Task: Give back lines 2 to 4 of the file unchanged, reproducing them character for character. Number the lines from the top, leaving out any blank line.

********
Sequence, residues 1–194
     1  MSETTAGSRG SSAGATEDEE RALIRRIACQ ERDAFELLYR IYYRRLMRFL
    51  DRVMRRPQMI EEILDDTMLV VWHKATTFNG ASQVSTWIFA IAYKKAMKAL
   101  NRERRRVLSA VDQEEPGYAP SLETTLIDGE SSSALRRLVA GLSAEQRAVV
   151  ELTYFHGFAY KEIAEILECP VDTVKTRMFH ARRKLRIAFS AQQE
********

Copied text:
     1  MSETTAGSRG SSAGATEDEE RALIRRIACQ ERDAFELLYR IYYRRLMRFL
    51  DRVMRRPQMI EEILDDTMLV VWHKATTFNG ASQVSTWIFA IAYKKAMKAL
   101  NRERRRVLSA VDQEEPGYAP SLETTLIDGE SSSALRRLVA GLSAEQRAVV